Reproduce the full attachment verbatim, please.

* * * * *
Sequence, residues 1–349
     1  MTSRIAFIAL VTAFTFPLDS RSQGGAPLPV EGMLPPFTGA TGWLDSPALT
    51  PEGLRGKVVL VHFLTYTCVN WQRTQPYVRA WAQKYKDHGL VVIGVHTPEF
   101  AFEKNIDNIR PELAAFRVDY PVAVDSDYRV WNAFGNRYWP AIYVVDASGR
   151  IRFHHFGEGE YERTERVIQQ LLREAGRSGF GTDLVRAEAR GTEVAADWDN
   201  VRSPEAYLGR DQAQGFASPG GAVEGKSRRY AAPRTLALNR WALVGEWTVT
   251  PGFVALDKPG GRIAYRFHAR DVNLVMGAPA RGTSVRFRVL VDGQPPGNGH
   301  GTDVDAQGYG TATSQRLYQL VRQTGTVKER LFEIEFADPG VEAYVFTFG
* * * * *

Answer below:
Sequence, residues 1–349
     1  MTSRIAFIAL VTAFTFPLDS RSQGGAPLPV EGMLPPFTGA TGWLDSPALT
    51  PEGLRGKVVL VHFLTYTCVN WQRTQPYVRA WAQKYKDHGL VVIGVHTPEF
   101  AFEKNIDNIR PELAAFRVDY PVAVDSDYRV WNAFGNRYWP AIYVVDASGR
   151  IRFHHFGEGE YERTERVIQQ LLREAGRSGF GTDLVRAEAR GTEVAADWDN
   201  VRSPEAYLGR DQAQGFASPG GAVEGKSRRY AAPRTLALNR WALVGEWTVT
   251  PGFVALDKPG GRIAYRFHAR DVNLVMGAPA RGTSVRFRVL VDGQPPGNGH
   301  GTDVDAQGYG TATSQRLYQL VRQTGTVKER LFEIEFADPG VEAYVFTFG